5. Ask students to think back to the video from Eyes on the Prize at the beginning of the lesson, and discuss:

  • In this historical context, why might it have been more acceptable for some people to hear African-American music from a white artist than from an African-American artist?
  • Why might any type of music bearing an African-American influence have been unacceptable to some people in this climate?
  • How did Elvis’ first single reflect the racial and social climate in America in 1954?
  • Looking ahead, how do you predict Elvis’ embrace of African-American music would influence the way people would come to think about race in the late 1950s?

Writing Prompt:

Write a short response in reaction to the class discussion. Take a position in answering the questions below, or use one of the questions posed in class, citing evidence from the texts and videos in your analysis.

  • What was the Supreme Court trying to accomplish when it issued its ruling in Brown v. Board of Education in 1954?
  • How might music have helped accomplish what the Supreme Court was trying to do in the Brown v. Board of Education ruling?

Extension Activity:

1.  Have students read Robert Palmer’s 1978 article “Sam Phillips: The Sun King” and write a short paper of several paragraphs explaining who Phillips was and what he accomplished at Sun Records. Among the points they should address: What made Sun Records important? Why was Phillips uniquely in a position to “discover” Elvis Presley?

2. Have students read the chapter essay Elvis: Hillbilly Becomes Country, Rockabilly Becomes Rock and Roll written by Colin Escott.  Write a short paper of several paragraphs explaining how Elvis redefined pop music with his recordings at Sun Records.  Describe the birth of Rock and Roll; how did it challenge the conformity of 1950s America?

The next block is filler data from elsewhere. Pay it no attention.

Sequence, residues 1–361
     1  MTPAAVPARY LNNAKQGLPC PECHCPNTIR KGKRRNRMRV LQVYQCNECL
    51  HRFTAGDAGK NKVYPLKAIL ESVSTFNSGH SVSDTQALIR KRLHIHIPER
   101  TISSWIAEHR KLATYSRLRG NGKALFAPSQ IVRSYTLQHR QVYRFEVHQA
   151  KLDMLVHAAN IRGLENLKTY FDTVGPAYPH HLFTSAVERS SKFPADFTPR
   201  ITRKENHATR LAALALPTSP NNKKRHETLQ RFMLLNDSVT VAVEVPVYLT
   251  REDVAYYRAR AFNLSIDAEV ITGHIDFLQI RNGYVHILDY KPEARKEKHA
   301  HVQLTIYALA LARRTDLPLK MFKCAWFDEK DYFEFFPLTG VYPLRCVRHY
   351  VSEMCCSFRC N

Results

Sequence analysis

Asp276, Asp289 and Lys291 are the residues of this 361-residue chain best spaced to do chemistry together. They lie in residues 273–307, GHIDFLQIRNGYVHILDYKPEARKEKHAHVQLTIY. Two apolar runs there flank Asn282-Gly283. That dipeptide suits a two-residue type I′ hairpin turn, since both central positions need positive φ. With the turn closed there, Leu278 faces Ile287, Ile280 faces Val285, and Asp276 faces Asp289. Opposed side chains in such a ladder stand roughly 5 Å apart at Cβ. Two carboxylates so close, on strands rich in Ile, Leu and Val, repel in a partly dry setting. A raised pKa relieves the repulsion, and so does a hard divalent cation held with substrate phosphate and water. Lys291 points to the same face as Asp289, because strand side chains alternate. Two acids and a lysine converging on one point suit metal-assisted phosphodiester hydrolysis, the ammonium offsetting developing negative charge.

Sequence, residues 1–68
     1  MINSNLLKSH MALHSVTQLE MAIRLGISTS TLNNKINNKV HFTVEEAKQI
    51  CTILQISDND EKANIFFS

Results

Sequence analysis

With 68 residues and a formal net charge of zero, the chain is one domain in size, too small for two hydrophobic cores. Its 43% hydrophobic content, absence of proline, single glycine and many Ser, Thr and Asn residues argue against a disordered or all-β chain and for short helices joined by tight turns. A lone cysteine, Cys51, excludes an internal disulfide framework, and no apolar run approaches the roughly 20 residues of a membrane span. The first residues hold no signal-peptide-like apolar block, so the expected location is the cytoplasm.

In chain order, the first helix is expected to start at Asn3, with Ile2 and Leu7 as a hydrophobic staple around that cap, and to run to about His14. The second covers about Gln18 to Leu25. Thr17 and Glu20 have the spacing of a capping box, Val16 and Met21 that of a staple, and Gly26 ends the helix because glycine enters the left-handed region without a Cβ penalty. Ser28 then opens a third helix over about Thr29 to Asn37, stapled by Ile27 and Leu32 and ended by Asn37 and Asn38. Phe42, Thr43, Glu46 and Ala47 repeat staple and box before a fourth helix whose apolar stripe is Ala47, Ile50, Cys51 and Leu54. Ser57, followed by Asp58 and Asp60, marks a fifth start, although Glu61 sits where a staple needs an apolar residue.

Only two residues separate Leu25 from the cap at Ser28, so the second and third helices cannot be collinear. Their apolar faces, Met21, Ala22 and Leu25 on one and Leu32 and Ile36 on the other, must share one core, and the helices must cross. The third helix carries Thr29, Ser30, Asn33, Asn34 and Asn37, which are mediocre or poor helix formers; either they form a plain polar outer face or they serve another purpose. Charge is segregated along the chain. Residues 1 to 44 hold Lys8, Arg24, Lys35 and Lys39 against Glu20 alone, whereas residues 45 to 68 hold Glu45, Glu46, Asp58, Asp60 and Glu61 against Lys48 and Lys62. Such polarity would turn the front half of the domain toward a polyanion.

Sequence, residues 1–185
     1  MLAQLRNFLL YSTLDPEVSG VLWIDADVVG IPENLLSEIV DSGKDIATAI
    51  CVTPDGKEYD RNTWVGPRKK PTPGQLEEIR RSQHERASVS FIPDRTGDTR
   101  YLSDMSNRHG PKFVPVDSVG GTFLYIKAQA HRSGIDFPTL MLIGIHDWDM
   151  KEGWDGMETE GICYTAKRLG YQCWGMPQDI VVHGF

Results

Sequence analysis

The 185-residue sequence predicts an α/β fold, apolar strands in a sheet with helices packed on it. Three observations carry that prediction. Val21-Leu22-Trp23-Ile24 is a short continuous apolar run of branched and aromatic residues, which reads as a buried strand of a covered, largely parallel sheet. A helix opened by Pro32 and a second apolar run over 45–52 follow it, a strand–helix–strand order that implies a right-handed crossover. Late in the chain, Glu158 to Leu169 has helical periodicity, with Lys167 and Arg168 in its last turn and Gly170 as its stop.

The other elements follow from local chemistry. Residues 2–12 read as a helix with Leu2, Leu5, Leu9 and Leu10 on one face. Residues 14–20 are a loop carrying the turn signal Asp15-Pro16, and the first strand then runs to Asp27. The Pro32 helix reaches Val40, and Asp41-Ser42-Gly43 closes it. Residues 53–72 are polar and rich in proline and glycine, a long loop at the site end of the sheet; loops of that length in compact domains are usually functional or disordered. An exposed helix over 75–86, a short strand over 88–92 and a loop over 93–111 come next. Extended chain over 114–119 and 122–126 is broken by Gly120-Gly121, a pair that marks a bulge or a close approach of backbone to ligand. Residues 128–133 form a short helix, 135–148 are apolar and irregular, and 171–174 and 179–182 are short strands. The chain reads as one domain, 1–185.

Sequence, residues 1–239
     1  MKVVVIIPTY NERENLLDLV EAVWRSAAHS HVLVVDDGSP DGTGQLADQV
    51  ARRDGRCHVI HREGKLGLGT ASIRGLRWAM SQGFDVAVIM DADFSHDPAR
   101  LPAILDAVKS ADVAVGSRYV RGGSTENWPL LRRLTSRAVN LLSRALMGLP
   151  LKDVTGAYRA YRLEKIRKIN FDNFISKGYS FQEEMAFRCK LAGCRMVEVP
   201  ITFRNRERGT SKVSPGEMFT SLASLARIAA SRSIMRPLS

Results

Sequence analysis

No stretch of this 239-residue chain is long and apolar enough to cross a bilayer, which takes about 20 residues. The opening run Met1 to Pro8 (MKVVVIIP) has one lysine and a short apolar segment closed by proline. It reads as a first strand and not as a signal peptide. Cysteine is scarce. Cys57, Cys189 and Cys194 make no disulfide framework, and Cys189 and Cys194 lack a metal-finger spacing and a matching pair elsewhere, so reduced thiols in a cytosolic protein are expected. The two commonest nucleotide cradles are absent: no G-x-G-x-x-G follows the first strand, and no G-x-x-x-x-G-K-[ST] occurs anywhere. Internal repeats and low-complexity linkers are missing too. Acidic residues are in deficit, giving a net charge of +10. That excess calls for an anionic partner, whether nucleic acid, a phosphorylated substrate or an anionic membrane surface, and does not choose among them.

Common Core State Standards

College and Career Readiness Reading Anchor Standards for Grades 6-12 for Literature and Informational Text

  • Reading 4: Interpret words and phrases as they are used in a text, including determining technical, connotative, and figurative meanings, and analyze how specific word choices shape meaning or tone.
  • Reading 9: Analyze how two or more texts address similar themes or topics in order to build knowledge or to compare the approaches the authors take.

College and Career Readiness Writing Anchor Standards for Grades 6-12 in English Language Arts and Literacy in History/Social Studies, Science and Technical Subjects

  • Writing 1: Write arguments to support claims in an analysis of substantive topics or texts, using valid reasoning and relevant and sufficient evidence.

College and Career Readiness Anchor Standards for Speaking and Listening for Grades 6-12

  • Speaking and Listening 2: Integrate and evaluate information presented in diverse media and formats, including visually, quantitatively, and orally.
  • Speaking and Listening 3: Evaluate a speaker’s point of view, reasoning, and use of evidence and rhetoric.

Social Studies – National Council for the Social Studies (NCSS)

  • Theme 1: Culture
  • Theme 2: Time, Continuity, and Change
  • Theme 5: Individuals, Groups, and Institutions

National Standards for Music Education

Core Music Standard: Responding

  • Analyze: Analyze how the structure and context of varied musical works inform the response.
  • Interpret: Support interpretations of musical works that reflect creators’ and/or performers’ expressive intent.
  • Evaluate: Support evaluations of musical works and performances based on analysis, interpretation, and established criteria.

Core Music Standard: Connecting

  • Connecting 11: Relate  musical ideas and works to varied contexts and daily life to deepen understanding.

National Core Arts Standards


  • Anchor Standard 7: Perceive and analyze artistic work.
  • Anchor Standard 8: Interpret intent and meaning in artistic work.
  • Anchor Standard 9: Apply criteria to evaluate artistic work.


  • Anchor Standard 10: Synthesize and relate knowledge and personal experiences to make art.
  • Anchor Standards 11: Relate artistic ideas and work with societal, cultural and historical context to deepen understanding.